There are a number of toxins in cigarette smoke, and all of these contribute to the addiction in some way, but this discussion will focus on nicotine specifically, looking at its particular role. It’s a large one, you may have guessed, and is the most addictive component. The way it reacts with the body is the major reason why people become addicted.
Cigarette addiction is extremely fast, and one of the fastest drugs to get hooked on. The body becomes accustomed to its effects very quickly, and the withdrawal is severe. The fastest way to cure withdrawal is always more of the drug that you’re withdrawing from, so it’s easy to see how it can turn into a vicious cycle very quickly.
Nicotine stimulates the glands that produce adrenaline. Blood pressure, heart rate, and the nervous system experience an increase, and the effect is rather pleasant, at least in the early stages of smoking. Soon enough, however, the body and the brain get used to the pleasure effects, and only care about the physical effects on these systems. Again, this all happens very quickly. When you inhale a cigarette, the nicotine hits the bloodstream within a few seconds, and the body experiences these effects right away.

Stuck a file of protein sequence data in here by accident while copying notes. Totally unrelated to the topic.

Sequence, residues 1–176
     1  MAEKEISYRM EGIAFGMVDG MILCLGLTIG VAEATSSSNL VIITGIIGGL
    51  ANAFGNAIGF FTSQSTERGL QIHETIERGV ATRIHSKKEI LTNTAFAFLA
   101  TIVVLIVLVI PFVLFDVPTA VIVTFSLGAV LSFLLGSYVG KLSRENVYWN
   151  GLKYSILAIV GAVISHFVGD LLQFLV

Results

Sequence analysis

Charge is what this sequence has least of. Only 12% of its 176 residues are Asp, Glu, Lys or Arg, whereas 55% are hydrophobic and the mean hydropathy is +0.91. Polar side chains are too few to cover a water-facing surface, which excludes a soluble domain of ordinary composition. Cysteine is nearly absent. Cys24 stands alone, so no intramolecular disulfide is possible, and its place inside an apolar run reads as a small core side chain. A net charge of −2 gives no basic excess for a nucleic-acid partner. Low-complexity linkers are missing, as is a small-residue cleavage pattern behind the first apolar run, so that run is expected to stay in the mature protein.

Some of these are not even conscious, but the body gets used to speeding up, and with cigarettes, it can happen hundreds of times a day. When the drug is taken away, the body responds to the lack of the chemicals, and for the smoker, this is experienced as increased nervousness and anxiety, shakiness, sweats, and a very urgent feeling that something is wrong.
The only way to return to a normal state, then, is by prolonged separation from the drug, or to continue to administer it to the system. It’s always easier, in the short term, to continue the cycle of addiction, than to have to experience withdrawal. With some substances, the withdraw is so acute that it seems to be a better choice to just continue, and this is where addiction really takes over, because the addiction is finding ways to perpetuate itself in the body.
Withdrawal does have an end point, however, and it usually only lasts for a few days in its acute form, so that quitting is the most reasonable option to take.